Among the genes that were downregulated in Wt1KOΔEC and increased dynamically over the course of coronary development were several that are important regulators of EC functions, such as Apln, Cd109, Lpar4, Meox2, Jag2, Igfbp7 and Aoc3. Meanwhile, among the upregulated genes that should decrease their expression over the course of coronary development, we found, Lif, Irx6, Egfl6, Sox9, Gata4 and Lama1 (Table S4 and Fig. S5D). The comparison of both transcriptomic profiles suggests that mutant ECs fail to upregulate genes that belong to the more mature stages and remain at a more primitive stage (Fig. 4D, Fig. S5 and Table S4). Collectively, these analyses reveal that WT1 is a major regulator of the transcriptomic signature of coronary ECs cells and identify potential functional defects involved in the phenotype of Wt1KOΔEC mice.
Coronary EC proliferation and migration are affected in Wt1KOΔEC mice
As many DEGs in the Wt1KOΔEC transcriptome are involved in regulation of EC proliferation (Table S3 and Fig. S6A), and we found a reduction in coronary ECs in Wt1KOΔEC mice, we investigated whether EC proliferation is affected in mutant mice. Control and Wt1KOΔEC embryos previously administered with BrdU were immunostained using antibodies against ERG transcription factor – a marker of EC and anti-BrdU (Fig. 5A). Quantification of the immunostaining analysis revealed a reduction in the percentage of proliferating ECs (%BrdU+/ERG+ cells) within the compact myocardium of Wt1KOΔEC hearts, compared with control littermates (Fig. 5B).
GO analysis of RNA-Seq data also revealed DEGs in Wt1KOΔEC related to biological processes such as blood vessel development and cell motility (Fig. 4C and Fig. S6B). Thus, we decided to analyse whether cell migration and differentiation was affected in Wt1KOΔEC hearts. To begin investigating the impact of Wt1 deletion on the aforementioned processes, we immunostained sections from control and Wt1KOΔEC hearts immediately after the onset of arterial flow (E15.5) and at a later stage (E18.5) against nuclear ERG to check for endothelial location (Fig. 5C). Localization of the ERG+ staining signal was quantified to confirm alteration of the EC migration (Fig. 5D). Quantification of ERG+ nucleus localization revealed an inappropriate accumulation of ECs near the epicardial surface in Wt1KOΔEC hearts at E15.5 (Fig. 5D). ERG staining was also used to determine the nuclear shape/morphology of coronary ECs, as it has recently been demonstrated that there is a switch from a round to a spindle morphology over the course of EC maturation (Franco et al., 2016; Quijada et al., 2021). Next, the length-to-width ratio of ERG+ nuclei was quantified as an indicator of EC maturity: values close to 1 indicate a nuclear shape similar to a perfect circle, whereas higher numbers indicate nuclei elongation. A considerable change in nuclear shape was observed between E15.5 and E18.5 in control hearts, but the nuclei of Wt1KOΔEC cells retained the shape of the more immature stage (Fig. 5E).
Having observed proliferation and migration defects in ECs from Wt1KOΔEC in vivo, we decided to examine the effect of Wt1 deletion in vitro, without the potential side effects of altered heart development. We then generated primary cultures of ECs from tamoxifen-inducible Wt1KO mice. Analysis of CDH5 (VE-cadherin) and WT1 immunostaining revealed their endothelial identity and the expression of WT1 in these primary cultures (Fig. S7A). Moreover, qRT-PCR analysis confirmed that Wt1 expression was significantly downregulated after 72 h of tamoxifen treatment (Fig. S7B). Next, performing transwell migration and BrdU proliferation assays, we found that, as in the in vivo situation, in vitro deletion of Wt1 impairs these two processes in ECs (Fig. S7C,D). This demonstrates the cell-autonomous role of WT1 in the regulation of ECs proliferation and migration. Taken together, these data indicate that deletion of Wt1 in coronary ECs impairs their proliferation, migration and maturation properties.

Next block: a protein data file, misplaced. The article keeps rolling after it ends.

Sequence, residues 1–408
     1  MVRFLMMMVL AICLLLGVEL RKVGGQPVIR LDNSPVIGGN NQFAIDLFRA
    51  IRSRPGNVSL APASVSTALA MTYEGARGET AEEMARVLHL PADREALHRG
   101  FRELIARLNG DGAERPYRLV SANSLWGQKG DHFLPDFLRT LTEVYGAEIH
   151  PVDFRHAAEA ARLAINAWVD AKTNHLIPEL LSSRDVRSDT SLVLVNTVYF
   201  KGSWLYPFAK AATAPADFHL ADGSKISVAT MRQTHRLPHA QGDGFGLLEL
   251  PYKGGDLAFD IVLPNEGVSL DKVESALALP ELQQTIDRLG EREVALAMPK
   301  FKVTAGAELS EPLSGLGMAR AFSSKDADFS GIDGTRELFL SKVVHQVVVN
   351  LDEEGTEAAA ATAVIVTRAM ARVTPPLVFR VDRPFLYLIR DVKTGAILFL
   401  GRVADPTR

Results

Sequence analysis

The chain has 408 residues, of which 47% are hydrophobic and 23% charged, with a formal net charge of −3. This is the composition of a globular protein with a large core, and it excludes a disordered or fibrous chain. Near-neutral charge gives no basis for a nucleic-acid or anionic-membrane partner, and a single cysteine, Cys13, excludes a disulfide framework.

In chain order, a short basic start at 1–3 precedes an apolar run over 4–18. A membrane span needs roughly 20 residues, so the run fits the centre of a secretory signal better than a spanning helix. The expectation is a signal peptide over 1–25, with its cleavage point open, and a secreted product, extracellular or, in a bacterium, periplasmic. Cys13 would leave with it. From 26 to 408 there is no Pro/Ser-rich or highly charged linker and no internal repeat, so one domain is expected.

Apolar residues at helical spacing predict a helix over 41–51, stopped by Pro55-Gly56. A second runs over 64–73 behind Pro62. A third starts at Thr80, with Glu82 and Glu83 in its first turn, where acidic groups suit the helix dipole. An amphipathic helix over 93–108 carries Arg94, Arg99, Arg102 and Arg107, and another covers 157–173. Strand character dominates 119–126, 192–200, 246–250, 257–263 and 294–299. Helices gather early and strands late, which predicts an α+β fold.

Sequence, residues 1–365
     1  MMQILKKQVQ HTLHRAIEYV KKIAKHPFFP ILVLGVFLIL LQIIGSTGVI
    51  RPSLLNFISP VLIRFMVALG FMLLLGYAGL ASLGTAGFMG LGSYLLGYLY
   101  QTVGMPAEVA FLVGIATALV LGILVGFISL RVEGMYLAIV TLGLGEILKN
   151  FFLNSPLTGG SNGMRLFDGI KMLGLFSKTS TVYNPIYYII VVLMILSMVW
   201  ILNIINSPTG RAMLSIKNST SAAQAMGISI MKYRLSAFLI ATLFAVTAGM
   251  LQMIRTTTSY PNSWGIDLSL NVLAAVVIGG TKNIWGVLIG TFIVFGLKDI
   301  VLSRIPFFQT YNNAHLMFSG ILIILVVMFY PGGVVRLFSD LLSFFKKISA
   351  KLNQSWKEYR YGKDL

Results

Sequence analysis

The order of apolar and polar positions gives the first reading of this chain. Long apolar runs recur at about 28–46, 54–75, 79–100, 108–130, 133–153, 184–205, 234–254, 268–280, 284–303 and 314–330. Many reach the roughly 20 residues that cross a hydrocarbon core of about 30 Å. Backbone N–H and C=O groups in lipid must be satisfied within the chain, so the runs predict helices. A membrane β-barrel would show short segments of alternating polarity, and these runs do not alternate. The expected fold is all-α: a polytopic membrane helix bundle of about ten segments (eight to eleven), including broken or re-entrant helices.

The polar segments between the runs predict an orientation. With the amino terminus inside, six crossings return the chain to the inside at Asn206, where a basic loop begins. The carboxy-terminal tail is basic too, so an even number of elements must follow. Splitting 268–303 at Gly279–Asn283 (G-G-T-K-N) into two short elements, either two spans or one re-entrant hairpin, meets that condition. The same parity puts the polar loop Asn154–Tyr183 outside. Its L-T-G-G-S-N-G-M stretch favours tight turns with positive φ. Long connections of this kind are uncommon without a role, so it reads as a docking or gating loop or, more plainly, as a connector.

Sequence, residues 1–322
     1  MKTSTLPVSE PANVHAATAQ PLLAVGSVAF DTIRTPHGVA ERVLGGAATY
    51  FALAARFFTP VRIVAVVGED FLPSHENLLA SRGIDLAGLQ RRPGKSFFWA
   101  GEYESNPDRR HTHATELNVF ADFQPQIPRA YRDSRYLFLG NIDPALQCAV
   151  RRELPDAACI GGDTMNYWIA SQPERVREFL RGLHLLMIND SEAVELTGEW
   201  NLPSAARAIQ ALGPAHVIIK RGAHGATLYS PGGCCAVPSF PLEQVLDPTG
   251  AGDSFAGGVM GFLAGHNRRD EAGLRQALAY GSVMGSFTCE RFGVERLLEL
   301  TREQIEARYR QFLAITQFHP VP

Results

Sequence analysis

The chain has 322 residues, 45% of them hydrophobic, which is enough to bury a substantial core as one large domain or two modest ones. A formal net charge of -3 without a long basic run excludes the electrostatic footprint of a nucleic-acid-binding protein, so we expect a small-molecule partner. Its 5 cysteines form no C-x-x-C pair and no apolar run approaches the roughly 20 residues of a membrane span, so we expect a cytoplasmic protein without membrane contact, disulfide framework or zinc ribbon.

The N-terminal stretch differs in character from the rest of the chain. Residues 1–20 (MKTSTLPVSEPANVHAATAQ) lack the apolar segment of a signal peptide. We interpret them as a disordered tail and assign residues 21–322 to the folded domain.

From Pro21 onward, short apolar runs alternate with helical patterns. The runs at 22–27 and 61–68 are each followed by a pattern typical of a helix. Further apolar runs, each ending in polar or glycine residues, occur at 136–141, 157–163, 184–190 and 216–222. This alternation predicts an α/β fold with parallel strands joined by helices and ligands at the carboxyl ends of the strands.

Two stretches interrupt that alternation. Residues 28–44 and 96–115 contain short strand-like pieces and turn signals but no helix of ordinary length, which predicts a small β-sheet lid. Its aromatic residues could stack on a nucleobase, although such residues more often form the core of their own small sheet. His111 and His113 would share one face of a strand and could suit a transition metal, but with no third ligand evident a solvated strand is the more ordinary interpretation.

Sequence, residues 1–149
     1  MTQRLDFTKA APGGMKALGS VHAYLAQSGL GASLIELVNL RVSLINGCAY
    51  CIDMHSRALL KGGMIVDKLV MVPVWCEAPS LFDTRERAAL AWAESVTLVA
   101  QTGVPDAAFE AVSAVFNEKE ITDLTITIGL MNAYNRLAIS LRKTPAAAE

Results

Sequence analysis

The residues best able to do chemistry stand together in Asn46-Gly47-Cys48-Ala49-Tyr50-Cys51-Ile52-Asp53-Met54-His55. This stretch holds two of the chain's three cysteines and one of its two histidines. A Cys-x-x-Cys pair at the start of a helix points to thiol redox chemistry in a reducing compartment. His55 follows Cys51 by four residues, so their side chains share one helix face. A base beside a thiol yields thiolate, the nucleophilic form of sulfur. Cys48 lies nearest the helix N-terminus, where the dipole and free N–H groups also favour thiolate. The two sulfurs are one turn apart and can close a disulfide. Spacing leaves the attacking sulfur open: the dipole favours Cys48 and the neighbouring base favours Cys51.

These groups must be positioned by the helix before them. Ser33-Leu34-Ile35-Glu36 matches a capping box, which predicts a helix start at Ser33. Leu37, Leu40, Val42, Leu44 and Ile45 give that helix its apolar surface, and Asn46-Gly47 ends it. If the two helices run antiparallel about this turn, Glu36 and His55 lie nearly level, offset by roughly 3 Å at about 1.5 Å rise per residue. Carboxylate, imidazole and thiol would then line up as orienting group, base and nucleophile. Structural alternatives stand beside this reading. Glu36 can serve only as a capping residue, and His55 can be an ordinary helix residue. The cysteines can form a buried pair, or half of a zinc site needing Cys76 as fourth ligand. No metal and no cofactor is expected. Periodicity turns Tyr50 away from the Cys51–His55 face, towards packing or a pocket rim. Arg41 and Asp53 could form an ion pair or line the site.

Impairment of coronary EC differentiation in Wt1KOΔEC mice
Coronary vessel differentiation requires re-specification of immature ECs towards arterial cell fate in deeper myocardium and towards venous cell fate in subepicardial myocardium (Gónzalez-Hernández et al., 2020). Taking into account our previous results, we interrogated DEGs from our RNA-Seq data against recognized venous and coronary artery markers (Gónzalez-Hernández et al., 2020; Su et al., 2018). We found downregulation of Apln and overexpression of various venous markers, such as Col1a1, Col3a1, Cpe, Dcn and Rcn3 (Fig. S6C). Expression of other canonical venous signatures, such as Tek, Nrp2, Aplnr, Aqp1, Dab2, Ephb4, Emcn and Nr2f2, did not change significantly (Table S2). To interrogate the distribution of venous ECs, immunofluorescence staining was performed at E18.5 on Wt1KOΔEC hearts to visualize EMCN+ ECs, which displayed sub-epicardial localization in control E18.5 hearts. Quantitative analysis showed that the percentage of EMCN+ staining in the compact myocardium was increased in Wt1KOΔEC mice (Fig. 6A,B).
Given that loss of Wt1 impairs venous differentiation, it is to be expected that arterialization might also be affected. Changes in arterial markers were also modulated in the RNA-Seq data, as we observed a downregulation of Rgs5, St8sia6, Nos2, Tox2, Epas1, Notch4 and Jag2, and an upregulation of Hes1 and Igfbp3 (Fig. S6C and Table S2). Other arterial genes such as Slc45a4, Kcnj8, Gpc4, Gja4, Gja5, Cxcl12, Unc5b, Mecom, Nrp1, Sat1, Ptp4a3, Dll4, Hey1, Cxcr4, Chst1 and Efnb2 did not show significant changes in expression (Table S2). To examine the distribution of mature arterial ECs, which display mid-myocardial localization in E18.5 control hearts, we performed immunofluorescence staining against the VMSC marker SMA and the arterial marker CX40. ECs surrounded by SMA+ VSMCs were scarce in the compact myocardium (Fig. 6C). Compared with control, CX40+CD31+ vessels in the Wt1KOΔEC appeared as discontinuous patches of cells with much smaller lumens (Fig. 6D). Quantification of CD31+CX40+ vessels within the compact myocardium revealed a significant reduction in artery numbers in the Wt1KOΔEC heart (Fig. 6E). Altogether, these findings demonstrate that deletion of Wt1 in coronary ECs alters both the venous and arterial identity.